eISSN: 2299-551X
ISSN: 0011-4553
Journal of Stomatology
Current issue Archive Manuscripts accepted About the journal Editorial board Journal's reviewers Abstracting and indexing Subscription Contact Instructions for authors Ethical standards and procedures
SCImago Journal & Country Rank
vol. 73
Original paper

+17 C/G polymorphism in matrix metalloproteinase (MMP)-8 gene and its association with periodontitis

Hastinefia Putri
Benso Sulijaya
Bambang Tri Hartomo
Antonius Winoto Suhartono
Elza Ibrahim Auerkari

Department of Oral Biology, Faculty of Dentistry, Universitas Indonesia, Jakarta, Indonesia
Department of Periodontology, Faculty of Dentistry, Universitas Indonesia, Jakarta, Indonesia
J Stoma 2020; 73, 4: 154-158
Online publish date: 2020/09/02
Article file
- JoS-00149-Auerkari.pdf  [0.44 MB]
Get citation
JabRef, Mendeley
Papers, Reference Manager, RefWorks, Zotero


Periodontitis is a common inflammatory disease that results in a progressive destruction of the periodontal ligament, following in loss of alveolar bone and teeth during the final untreated stages. About half or more of the adult population in the world is affected by periodontitis, and the prevalence is increasing with age, unhealthy diet, smoking habits, and poor oral hygiene [1-3]. It is the most common (61%) disease affecting the general population in Indonesia [4]. Periodontitis is a multifactorial disease, thought to be initiated via gingival and periodontal inflammation, which is promoted by anaerobic bacterial pathogens such as Porphyromonasgingivalis, Tannerella forsythia, Treponema denticola, Fusobacterium nucleatum, and/or Aggregatibacter actinomycetem comitans [5]. The presence of bacteria and bacterial biofilms is, however, not sufficient for the destruction of periodontal tissues, and the extent of bacterial accumulation is poorly correlated with the risk or severity of periodontitis [6]. The individual outcome will strongly depend on the host immune responses, which are related to factors, such as genetic predisposition [6-8]. One of the implicated genes in the pathogenesis of periodontitis is MMP-8 (chromosomal location, 11q22.3), which encodes a proteolytic matrix metalloproteinase enzyme (MMP) that regulates the repair and breakdown of the connective tissue [9-11]. In inflammation, elevated levels of MMP-8 are found in the periodontal tissues, gingival crevicular fluid (GCF), and saliva resulting in the degradation of extracellular matrix, which contains type-1 collagen, a major component of periodontal tissues. MMP-8 is produced by infiltrating inflammatory cells, such as neutrophils, plasma cells, and macrophages. In addition, it is produced by resident cells, including gingival fibroblasts and epithelial cells [9-11].
The functional variation in the expression of regulatory genes is commonly due to single nucleotide polymorphisms (SNP), and polymorphisms of MMP-8 (Figure 1) could be related to the risk of periodontitis by modification of the innate and adaptive immune responses [12, 13]. Significant associations between periodontitis and the −799 C/T (rs11225395) polymorphism of MMP-8 have been reported [14-16]. Another known SNP occurs at +17 C/G (rs2155052) in the first exon [12]. There is limited information about the effect of this polymorphism on periodontal disease [14, 15], with none in Indonesia.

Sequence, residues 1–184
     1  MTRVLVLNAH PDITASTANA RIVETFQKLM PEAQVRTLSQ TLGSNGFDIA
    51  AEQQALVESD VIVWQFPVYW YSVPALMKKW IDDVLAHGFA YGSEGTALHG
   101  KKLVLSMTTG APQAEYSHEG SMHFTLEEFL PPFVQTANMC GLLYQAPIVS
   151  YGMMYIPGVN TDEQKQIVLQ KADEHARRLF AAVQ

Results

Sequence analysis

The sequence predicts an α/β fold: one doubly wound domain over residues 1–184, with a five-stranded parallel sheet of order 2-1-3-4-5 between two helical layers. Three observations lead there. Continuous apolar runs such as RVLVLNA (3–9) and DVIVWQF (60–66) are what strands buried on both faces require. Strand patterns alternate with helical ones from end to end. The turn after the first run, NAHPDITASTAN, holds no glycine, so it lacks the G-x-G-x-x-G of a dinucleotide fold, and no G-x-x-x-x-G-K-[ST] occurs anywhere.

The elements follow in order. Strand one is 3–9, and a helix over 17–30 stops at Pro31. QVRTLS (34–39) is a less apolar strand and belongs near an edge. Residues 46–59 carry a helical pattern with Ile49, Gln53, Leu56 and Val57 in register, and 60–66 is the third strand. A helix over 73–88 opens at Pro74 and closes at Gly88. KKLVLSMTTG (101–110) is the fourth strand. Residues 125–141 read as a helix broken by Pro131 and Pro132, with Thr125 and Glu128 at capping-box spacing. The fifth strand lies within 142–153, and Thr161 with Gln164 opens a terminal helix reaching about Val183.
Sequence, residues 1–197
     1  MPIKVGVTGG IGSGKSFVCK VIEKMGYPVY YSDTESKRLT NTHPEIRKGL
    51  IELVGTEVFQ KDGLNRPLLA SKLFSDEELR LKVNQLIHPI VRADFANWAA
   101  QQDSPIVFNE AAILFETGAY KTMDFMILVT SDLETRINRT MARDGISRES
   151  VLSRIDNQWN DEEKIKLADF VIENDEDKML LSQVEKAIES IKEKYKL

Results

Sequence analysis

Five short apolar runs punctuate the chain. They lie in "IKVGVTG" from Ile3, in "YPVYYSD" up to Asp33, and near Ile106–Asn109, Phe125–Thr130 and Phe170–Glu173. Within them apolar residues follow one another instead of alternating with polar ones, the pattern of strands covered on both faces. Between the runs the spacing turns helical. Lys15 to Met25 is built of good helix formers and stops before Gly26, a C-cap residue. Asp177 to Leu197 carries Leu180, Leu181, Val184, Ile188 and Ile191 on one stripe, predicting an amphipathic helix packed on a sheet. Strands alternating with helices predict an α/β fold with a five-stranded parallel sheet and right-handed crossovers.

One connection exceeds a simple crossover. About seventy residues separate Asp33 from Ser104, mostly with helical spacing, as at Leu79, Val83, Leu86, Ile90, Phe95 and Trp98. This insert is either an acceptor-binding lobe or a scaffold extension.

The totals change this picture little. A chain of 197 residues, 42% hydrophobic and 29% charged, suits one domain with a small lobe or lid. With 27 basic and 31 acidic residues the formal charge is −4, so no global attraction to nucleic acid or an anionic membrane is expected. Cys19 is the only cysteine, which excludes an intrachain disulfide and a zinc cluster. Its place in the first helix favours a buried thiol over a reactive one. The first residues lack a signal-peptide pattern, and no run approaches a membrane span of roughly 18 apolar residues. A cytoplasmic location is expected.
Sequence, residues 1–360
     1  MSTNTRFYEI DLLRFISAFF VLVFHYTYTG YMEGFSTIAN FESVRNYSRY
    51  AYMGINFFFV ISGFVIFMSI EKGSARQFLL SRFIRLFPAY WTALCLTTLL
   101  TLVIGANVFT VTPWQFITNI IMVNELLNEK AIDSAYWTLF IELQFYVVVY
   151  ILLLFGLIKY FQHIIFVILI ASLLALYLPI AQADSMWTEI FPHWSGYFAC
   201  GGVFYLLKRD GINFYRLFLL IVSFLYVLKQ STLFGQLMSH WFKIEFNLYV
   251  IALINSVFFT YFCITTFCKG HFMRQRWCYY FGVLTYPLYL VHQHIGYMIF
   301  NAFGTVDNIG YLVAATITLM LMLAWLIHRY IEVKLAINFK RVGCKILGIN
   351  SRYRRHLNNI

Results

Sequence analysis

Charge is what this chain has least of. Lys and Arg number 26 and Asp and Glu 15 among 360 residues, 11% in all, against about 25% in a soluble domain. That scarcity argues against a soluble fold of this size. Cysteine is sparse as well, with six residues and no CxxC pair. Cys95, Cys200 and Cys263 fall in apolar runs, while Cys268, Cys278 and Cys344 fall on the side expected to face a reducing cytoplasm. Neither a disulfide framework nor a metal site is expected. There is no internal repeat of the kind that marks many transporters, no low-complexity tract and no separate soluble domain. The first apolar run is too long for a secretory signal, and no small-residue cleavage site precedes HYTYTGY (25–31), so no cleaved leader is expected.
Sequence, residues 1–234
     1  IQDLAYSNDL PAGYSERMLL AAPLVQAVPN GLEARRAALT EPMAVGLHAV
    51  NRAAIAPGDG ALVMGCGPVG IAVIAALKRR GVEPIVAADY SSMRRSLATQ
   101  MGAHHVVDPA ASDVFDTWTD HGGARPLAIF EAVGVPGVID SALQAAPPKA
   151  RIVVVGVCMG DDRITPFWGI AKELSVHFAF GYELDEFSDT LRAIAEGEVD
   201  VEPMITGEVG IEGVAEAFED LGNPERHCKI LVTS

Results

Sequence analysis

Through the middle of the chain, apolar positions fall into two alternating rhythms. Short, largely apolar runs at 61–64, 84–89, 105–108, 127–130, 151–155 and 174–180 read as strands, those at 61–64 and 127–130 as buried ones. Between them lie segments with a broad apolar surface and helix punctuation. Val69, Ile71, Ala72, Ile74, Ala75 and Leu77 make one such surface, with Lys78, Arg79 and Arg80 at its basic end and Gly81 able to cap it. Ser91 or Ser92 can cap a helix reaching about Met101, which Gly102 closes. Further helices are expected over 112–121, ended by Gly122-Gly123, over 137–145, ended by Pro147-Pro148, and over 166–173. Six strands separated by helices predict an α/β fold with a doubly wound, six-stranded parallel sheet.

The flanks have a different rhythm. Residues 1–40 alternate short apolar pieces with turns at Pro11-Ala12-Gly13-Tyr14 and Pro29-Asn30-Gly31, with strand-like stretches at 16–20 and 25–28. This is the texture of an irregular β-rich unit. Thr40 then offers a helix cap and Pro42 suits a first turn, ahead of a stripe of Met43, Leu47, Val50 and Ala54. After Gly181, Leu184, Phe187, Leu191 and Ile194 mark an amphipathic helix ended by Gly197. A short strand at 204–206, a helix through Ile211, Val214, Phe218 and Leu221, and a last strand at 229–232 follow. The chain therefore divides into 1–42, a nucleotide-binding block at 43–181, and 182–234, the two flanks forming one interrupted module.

This study aimed to address the impact of this polymorphism on the risk of periodontitis in the Indonesian population.

Material and methods


The study was approved by the ethics committee of the Faculty of Dentistry, Universitas Indonesia, and conducted by using samples of DNA that were stored (at –20°C) at the Oral Biology Laboratory of the Faculty of Dentistry [17-19]. The DNA samples were originally extracted from peripheral blood of 100 patients with periodontitis and 100 healthy individuals without periodontitis. Patients were examined by a periodontics (B.S.) and diagnosed as periodontitis based on anamnesis and clinical examination (bleeding on probing [BOP] (+), periodontal pocket depth ≥ 4 mm, and the presence of clinical attachment loss [CAL]) according to the latest classification of periodontal disease [20]. The background information on the subjects is shown in Table 1. Polymorphism genotyping
Genetic analysis was conducted by PCR-RFLP, with PCR amplification of the MMP-8 gene using the following primer sequences: forward 5’-CTG TTG AAG GCC TAG AGC TGC TGC TCC-3’ and reverse 5’-CAT CTT CTC TTC AAA CTC TAC CC-3’ from Holla (2012), resulting in a 329 bp PCR product. For these reactions, every PCR microtube had a total volume of 20 ml, containing 10 ml of KAPA TaqReadyMix PCR with dye (Roche-Kapa Biosystem, Indianapolis, USA; KAPA code, BK1004, Roche Cat. No 07958498001), 0.75 ml forward primer, 0.75 ml reverse primer, 7.75 ml ddH2O, and 0.75 ml DNA template. The amplification process consisted of stages of initial denaturation at 95°C for 1 min, followed by denaturation at 95°C for 30 s, annealing at 55°C for 30 s, elongation at 72°C for 30 s, which was repeated in 35 cycles; a final extension at 72°C was then performed for 5 min. The polymorphism was detected by digesting the PCR product with the DdeI restriction enzyme (Biolabs, Ipswich, England) for 16 hours or overnight at 37°C in a water bath. The RFLP product was then inactivated in a thermoblock at 65°C for 20 min. Both PCR and RFLP results (fragments) were visualized using the GelDoc (Bio-Rad, Berkeley, California, USA) after electrophoresis in 3% agarose gel at 400 mA/80 V for 65 min. After RFLP, the GG genotype was shown as one 329 bp fragment, because the restriction enzyme DdeI did not recognize any restriction site. The CG genotype, with a restriction site recognized in one allele, appeared as three fragments that were 329 bp, 250 bp, and 79 bp in size. The CC genotype, with recognized restriction sites in both alleles, appeared as two fragments as 250 bp and 79 bp.